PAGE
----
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November 10, 2004

Color, Crime Sets, and Deadpan and Dreamy Fashion

 

The latest interesting photographers and links:

* Another branch that falls close to the Eggleston tree, with a wonderful color sense but a voice all his own: New-Orleans based photographer William Greiner now has his own website.  I'm not able to comment on how well the web images match up to the originals, but they sure look great online and feature superbly idiosyncratic color (especially by web standards).  Best of all, the website is easy to navigate, with all the featured portfolios worth visiting...too hard to pick a favorite, but I especially loved Cryptography. (thanks to Christian Patterson for pointing William this way)

Greinernfalls


Niagra Falls, 1992 William Greiner image

* I've said in the past that I have a limited tolerance for the photographic sub-genre that employs dolls and miniatures as its subjects, even though I've seen plenty of individual images I've liked (and have even linked to some work in this space).  As with most staged photography, whether it uses humans or dolls, the concepts and the images become more compelling when the unsettling connections to the real world are subtly but surely made (as opposed to hitting the viewers over the head with the messages and the mood).

In this respect, the 19 miniature sets of crime scenes put together by Frances Glessner Lee in the 1940s, known as the Nutshell Studies of Unexplained Death, and photographed recently with a large format camera by Corinne May Botz, fit the bill.  The obsessive quality of these dioramas is effectively given voice by Botz's own obsessive attention to light, color, and camera angles that allow a viewer to actually enter the scenes, and notice small details that hint not only at the source of the crimes, but also the stifling nature of the homes and the lives lived in them. 

These photographs are available in a newly released book and are currently being exhibited at the Bellwether Gallery in New York: the website has a generous selection of images that are worth looking at, though unfortunately there is no text to provide the necessary backstory that can animate the images further.  A review from the New York Times (reproduced at the gallery site) provides more information on a few scenes, and Vince Aletti of the Village Voice recommends the book and exhibition highly.

Botzkitchen

Corinne May Botz image

* San Francisco based Mike Bragg has a diverse series of projects on his website, with an unusually good balance between fine art and commercial work.  I am most partial to his simplest and most graphic series, forgotten (recognized in the 2004 PDN Annual), space (interior), and space (exterior), which all use the square frame and color very well.  It is rare for a photographer to have categories named "hodgepodge1" and "hodgepodge2" that are worth looking at, but he pulls it off.  I only wish the images were a bit larger.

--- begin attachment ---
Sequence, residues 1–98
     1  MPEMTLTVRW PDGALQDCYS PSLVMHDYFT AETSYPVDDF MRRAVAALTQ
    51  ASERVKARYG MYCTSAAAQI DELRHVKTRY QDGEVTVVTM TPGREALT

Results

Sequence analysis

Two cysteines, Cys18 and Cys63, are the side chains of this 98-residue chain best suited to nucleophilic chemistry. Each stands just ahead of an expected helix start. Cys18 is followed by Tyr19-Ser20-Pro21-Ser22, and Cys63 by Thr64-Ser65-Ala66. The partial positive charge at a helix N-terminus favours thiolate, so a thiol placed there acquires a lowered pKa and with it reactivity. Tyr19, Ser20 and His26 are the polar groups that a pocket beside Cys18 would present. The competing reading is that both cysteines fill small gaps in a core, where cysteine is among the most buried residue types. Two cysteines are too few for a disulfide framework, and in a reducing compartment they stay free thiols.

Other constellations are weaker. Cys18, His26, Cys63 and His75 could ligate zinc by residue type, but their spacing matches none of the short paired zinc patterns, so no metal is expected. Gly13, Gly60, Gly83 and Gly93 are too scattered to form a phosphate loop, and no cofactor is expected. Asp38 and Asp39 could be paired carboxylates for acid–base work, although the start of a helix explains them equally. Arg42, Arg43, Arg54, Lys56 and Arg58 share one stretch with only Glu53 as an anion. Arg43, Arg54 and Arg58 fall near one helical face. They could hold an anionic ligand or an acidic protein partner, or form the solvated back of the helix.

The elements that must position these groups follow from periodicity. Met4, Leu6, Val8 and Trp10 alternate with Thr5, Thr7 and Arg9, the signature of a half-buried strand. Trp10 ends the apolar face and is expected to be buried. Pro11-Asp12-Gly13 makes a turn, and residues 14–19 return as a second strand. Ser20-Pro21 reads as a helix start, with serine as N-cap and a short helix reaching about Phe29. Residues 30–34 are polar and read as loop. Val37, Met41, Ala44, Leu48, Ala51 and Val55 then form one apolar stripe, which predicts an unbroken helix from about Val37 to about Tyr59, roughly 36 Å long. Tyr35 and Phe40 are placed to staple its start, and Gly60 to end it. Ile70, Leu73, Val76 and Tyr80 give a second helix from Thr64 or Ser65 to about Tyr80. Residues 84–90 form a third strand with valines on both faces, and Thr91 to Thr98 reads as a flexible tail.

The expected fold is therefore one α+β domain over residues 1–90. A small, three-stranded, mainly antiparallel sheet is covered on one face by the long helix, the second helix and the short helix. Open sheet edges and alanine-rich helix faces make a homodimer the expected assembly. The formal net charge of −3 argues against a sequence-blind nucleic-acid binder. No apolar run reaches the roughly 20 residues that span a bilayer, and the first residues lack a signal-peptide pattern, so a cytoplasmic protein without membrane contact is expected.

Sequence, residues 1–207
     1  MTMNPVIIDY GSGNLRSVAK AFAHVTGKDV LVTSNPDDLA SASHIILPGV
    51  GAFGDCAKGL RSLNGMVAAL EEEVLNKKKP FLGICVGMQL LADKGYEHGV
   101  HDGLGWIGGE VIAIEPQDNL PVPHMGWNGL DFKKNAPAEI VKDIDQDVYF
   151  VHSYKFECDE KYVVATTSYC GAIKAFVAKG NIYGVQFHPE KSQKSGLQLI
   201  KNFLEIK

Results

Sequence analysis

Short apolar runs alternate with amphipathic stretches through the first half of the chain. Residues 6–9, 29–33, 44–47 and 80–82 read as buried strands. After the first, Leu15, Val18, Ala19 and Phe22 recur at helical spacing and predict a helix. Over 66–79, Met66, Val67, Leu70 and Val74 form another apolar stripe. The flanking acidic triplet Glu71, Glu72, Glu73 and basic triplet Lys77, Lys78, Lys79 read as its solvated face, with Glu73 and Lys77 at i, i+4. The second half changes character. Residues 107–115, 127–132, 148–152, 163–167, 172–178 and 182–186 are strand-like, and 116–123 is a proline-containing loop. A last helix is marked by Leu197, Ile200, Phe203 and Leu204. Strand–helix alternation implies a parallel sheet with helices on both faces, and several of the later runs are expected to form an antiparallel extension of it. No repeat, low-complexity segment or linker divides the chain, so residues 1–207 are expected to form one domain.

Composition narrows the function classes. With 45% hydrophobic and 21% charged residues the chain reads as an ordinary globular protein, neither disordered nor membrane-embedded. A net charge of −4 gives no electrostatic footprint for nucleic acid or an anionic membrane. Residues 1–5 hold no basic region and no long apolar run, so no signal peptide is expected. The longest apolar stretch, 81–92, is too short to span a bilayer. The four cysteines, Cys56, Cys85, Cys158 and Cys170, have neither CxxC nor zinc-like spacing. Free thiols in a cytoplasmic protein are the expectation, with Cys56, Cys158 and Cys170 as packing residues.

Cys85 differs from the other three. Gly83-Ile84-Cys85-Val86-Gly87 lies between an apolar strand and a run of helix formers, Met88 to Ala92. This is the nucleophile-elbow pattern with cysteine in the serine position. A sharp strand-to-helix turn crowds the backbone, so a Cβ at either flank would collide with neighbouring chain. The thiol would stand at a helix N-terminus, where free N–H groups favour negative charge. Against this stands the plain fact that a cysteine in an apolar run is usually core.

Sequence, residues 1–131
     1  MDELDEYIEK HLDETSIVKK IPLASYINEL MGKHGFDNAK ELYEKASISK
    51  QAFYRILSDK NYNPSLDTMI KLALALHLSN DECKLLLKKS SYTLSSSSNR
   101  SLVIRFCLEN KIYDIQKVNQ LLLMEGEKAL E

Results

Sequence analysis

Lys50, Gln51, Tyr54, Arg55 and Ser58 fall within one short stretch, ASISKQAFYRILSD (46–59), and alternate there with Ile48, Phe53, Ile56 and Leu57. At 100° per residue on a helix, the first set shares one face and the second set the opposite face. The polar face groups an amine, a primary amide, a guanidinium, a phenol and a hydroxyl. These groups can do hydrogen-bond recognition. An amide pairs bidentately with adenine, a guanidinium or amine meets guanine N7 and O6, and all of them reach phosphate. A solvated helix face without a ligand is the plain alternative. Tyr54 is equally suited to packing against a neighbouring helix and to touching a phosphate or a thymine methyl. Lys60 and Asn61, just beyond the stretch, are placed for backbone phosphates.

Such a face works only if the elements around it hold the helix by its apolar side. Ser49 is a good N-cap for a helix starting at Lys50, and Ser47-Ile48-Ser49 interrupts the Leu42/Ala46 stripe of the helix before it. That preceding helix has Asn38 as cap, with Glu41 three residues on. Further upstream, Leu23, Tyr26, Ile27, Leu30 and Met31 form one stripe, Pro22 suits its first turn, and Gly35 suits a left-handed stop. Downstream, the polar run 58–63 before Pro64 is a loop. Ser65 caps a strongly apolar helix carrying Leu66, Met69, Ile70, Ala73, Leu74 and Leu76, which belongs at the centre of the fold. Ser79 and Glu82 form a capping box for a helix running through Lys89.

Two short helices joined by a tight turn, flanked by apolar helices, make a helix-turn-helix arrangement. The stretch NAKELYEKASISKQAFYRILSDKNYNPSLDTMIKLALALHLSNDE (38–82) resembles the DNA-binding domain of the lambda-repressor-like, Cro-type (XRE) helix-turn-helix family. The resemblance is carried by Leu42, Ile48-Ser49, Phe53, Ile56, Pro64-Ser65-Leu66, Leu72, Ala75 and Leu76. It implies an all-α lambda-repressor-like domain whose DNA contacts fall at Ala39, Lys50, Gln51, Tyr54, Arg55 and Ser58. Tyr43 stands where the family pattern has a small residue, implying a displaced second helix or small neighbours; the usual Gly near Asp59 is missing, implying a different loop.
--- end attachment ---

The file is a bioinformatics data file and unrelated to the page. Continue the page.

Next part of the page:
Braggdiptych1

Mike Bragg diptych, from "hodgepodge 1"

* Katy Grannan's stark, revealing portraits of small town models in their homes and outdoors have been frequently linked, most often from gallery51 and artnet, and have generated discussion and buzz far and wide, even among Lacanians.  I just recently discovered her excellent personal website, which collects all of her fine art portraits as well as her commercial work, and it's a well designed showcase for the versatility of her straight-on, deadpan style, which some feel has worn out its welcome in contemporary photography circles.  While the deadpan, faraway look is indeed being run into the ground by too many imitators, most of Grannan's work still looks great because of the types of people she managed to get in front of the camera and the largely unadorned quality of the environments.

As I've fond of noting here, the uneasy contrast between "fine art" and "commercial" often makes for awkwardly combined portfolios and images that can drag down a photographer's website, but in Grannan's case, the inevitable compromises of the commercial work and the more varied (and well-known) subjects seem to open up her portraits...subjects like the Central Park jogger and Abner Louima are still depicted disquietingly, but with more formality and resistance than some of her more awkward suburban models.  And the fashion portfolio, which features mostly men, is hilarious and well executed...deadpan works great here. (Only the celebrity portraits don't fare as well, but that's hardly a surprise given the tendency of their personas to defeat any sense of rapport or artistry that can be created in a portrait).

Grannanfashion04_03

Katy Grannan fashion image for Toro magazine

* And speaking of fashion, this falls in the "I normally hate this stuff so much I can't believe how much I like it" category...extreme digital manipulation, and florid backgrounds and color in fashion images tends to turn me off in a hurry...not to mention Flash sites with cutesy loading touches like a progress indicator with percentages going to 10 decimal places, and the infamous scrolling thumbnails that require video game reflexes. But yes, I do like Can Evgin's style and rapturous color...purists may not consider it photography, and I have to admit that part of the appeal is how many of the images look like very dreamy illustrations or scenes from a graphic novel.  As far as fashion goes, it definitely gets your attention, for better or worse. (UPDATE: sorry, my first version of this post actually pointed to another "can evgin" site, with unrelated images. The link should now point to the work I was talking about, which was submitted to Surface Magazine's Avant Guardian competition).

Canevgin2

Can Evgin image

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